I brought them, my sons, to a place with a wild tropical ocean because I wanted them to feel the wheel of its waters softly rolling around their ankles. I wanted them to know the unsteadying of their sturdy bodies as the sand was pulled out from under their feet. I wanted them to know joy in the ocean’s unpredictability. I wanted them to be tossed around, their thoughts and perceptions jumbled. And I wanted them to learn that, even when we nurture a vigilance and a steadiness, there are waves that stalk the shore, that spring up suddenly and flatten us.
One cannot say to the ocean, Come this far but no further. One cannot say to the waves, Grow this tall but no taller.
And myself? What did I want? I wanted to see the rise of the mountains. I wanted to feel the rainy season rains that fall with purpose, stopping as suddenly as they began. I wanted to live the surprise of nature, presenting itself without pretense or order– a ceiling covered with geckos, watching an iguana watch a turkey vulture watching us.
The man said there were crocodiles in the river and if you lifted a stone to the steel frame of the bridge, you could summon them. I didn’t want to summon crocodiles. I wanted to see monkeys, the kind that bark like big dogs, that grunt like wild pigs.
I wanted to see if there was possibility, the possibility of returning to a landscape I knew in my youth, one of exquisite color, one of sounds echoing, and one of thick fragrance trapped in the humid air.
Mostly, I wanted to know if I could return to a place like this, not as a daughter or a sister or a wife, but as a self who doesn’t find beauty in the blocks of the neighborhood houses and lawns, all sleek and square and even, an order that blunts the possibility of surprise. And my boys, I wanted them to know about fierce beauty.
I can’t say how this will set up in their memories. I can say that my youngest son was churned in the ocean waves, was beat up without the malice of fists or feet. My older son, with his all-seeing swim goggles bound tightly to his face, was pummeled and thrown to shore and his goggles were ripped off his head.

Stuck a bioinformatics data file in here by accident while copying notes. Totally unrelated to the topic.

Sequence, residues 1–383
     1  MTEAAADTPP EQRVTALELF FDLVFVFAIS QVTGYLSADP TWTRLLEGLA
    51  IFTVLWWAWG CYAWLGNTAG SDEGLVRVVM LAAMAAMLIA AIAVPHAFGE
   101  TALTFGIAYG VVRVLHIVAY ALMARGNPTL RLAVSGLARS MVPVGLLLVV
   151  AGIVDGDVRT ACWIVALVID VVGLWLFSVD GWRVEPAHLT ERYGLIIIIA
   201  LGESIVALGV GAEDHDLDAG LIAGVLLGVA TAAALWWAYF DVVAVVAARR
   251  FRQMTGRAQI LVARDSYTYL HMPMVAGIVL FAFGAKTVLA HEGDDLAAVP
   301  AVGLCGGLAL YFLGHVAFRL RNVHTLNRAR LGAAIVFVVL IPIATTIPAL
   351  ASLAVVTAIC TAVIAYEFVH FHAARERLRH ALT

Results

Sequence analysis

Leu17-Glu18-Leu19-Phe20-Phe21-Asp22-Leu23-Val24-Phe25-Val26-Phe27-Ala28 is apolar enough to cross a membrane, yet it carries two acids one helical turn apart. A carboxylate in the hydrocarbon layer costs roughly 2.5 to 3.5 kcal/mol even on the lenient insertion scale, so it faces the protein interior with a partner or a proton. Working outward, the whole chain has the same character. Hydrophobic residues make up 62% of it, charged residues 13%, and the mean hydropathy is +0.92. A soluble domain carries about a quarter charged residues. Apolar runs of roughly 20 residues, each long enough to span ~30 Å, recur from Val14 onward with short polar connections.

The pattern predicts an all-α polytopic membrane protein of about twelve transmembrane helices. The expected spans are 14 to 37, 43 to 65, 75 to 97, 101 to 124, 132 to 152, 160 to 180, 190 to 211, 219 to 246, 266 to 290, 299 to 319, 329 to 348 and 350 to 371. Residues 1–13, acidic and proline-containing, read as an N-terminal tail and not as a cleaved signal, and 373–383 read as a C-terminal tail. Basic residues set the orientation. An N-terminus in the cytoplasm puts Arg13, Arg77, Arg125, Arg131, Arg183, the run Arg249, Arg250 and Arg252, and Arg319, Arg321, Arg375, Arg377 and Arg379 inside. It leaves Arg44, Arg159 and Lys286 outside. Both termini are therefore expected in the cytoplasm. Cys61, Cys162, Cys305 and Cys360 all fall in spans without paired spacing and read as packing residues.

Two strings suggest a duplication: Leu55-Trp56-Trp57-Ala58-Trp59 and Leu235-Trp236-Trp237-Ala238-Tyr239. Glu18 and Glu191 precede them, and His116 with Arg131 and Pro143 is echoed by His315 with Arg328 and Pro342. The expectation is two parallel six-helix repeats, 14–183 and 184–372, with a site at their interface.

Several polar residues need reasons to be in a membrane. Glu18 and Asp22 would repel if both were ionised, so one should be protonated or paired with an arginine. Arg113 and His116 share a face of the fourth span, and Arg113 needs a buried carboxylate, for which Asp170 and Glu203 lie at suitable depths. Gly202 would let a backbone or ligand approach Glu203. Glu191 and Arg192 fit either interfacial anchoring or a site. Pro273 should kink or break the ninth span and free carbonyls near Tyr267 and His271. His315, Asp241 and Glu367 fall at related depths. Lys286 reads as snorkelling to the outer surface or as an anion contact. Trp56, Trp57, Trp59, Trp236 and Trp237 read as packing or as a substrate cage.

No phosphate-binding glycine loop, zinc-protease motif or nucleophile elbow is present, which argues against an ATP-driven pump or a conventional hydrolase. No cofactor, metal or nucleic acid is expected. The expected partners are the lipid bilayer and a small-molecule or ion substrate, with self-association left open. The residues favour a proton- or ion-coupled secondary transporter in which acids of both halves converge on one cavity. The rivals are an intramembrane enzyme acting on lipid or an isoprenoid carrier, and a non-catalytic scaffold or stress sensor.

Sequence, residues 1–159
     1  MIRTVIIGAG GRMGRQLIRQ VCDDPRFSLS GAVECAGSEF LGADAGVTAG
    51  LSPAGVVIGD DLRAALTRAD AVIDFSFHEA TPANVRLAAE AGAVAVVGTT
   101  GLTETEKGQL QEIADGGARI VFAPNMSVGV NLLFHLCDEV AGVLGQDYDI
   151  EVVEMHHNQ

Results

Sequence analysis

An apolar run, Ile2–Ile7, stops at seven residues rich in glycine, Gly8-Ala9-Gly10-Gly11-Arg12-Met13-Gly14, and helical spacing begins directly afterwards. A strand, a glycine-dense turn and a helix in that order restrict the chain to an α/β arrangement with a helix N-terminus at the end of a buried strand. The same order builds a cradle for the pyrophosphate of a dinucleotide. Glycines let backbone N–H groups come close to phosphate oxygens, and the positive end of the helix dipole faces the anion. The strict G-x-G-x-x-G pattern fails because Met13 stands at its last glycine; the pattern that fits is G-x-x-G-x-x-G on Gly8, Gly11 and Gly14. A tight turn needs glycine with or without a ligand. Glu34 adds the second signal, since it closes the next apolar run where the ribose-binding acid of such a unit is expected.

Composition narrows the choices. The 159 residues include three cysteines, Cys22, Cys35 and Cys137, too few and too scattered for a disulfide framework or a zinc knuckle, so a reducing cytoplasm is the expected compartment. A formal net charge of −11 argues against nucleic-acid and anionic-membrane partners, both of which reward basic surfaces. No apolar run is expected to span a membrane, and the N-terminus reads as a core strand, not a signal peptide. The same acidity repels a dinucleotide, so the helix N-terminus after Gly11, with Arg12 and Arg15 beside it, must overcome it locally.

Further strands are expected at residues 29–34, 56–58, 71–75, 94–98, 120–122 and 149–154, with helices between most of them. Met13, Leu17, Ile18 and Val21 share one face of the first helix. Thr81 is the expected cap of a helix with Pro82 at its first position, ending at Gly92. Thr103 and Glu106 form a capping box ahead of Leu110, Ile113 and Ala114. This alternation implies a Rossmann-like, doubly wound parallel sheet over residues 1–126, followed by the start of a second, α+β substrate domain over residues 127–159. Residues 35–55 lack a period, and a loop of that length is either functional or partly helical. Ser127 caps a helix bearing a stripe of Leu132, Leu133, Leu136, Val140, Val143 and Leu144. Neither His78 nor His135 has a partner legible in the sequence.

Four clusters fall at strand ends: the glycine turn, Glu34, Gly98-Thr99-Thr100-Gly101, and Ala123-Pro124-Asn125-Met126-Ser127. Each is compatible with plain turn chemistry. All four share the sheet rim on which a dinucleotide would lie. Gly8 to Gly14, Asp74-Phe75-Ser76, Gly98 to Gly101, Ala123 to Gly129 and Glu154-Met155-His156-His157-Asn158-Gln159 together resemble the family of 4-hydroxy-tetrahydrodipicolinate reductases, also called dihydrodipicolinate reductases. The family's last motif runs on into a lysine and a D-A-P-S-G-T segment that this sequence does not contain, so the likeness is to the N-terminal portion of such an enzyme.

He went looking for them.
“You won’t find them,” I said.
And my boys looked at me as if I was the ocean, but we walked the beach anyway. I could not interest them in the tide pools, in the tree growing on top of the ocean rock.
“I need my goggles,” my son said, like once he needed his blanket in order to fall asleep.
“Go get the other pair,” I said, and they, my young sons, walked off while I distractedly climbed a rock.
Then they vanished.
Were they playing a trick? Had they unwittingly taken on the unpredictability of the ocean? No, the sun must’ve gotten to my brain because they didn’t play tricks like that. Would they have gone back into the ocean and gotten pulled out? Both of them? Oh God, I thought, then my life is over. And I walked and looked and I walked and looked. It occurred to me that I’ve been doing this my whole life.
I will not see a monkey, but a guacamaya will fly over my head and let fall a scarlet feather, which will spin in circles around my vision until I catch it. Any my boys will not be carried out to sea and my life will not be over. With hazy vision and the slow realization of distance, of shoreline walked, they, too, will return.